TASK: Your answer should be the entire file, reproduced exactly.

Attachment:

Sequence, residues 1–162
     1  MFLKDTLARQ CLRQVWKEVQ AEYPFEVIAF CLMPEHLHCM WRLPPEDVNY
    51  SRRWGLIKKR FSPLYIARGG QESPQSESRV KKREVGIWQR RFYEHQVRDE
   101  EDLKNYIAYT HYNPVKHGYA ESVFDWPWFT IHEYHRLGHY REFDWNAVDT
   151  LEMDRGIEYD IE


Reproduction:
Sequence, residues 1–162
     1  MFLKDTLARQ CLRQVWKEVQ AEYPFEVIAF CLMPEHLHCM WRLPPEDVNY
    51  SRRWGLIKKR FSPLYIARGG QESPQSESRV KKREVGIWQR RFYEHQVRDE
   101  EDLKNYIAYT HYNPVKHGYA ESVFDWPWFT IHEYHRLGHY REFDWNAVDT
   151  LEMDRGIEYD IE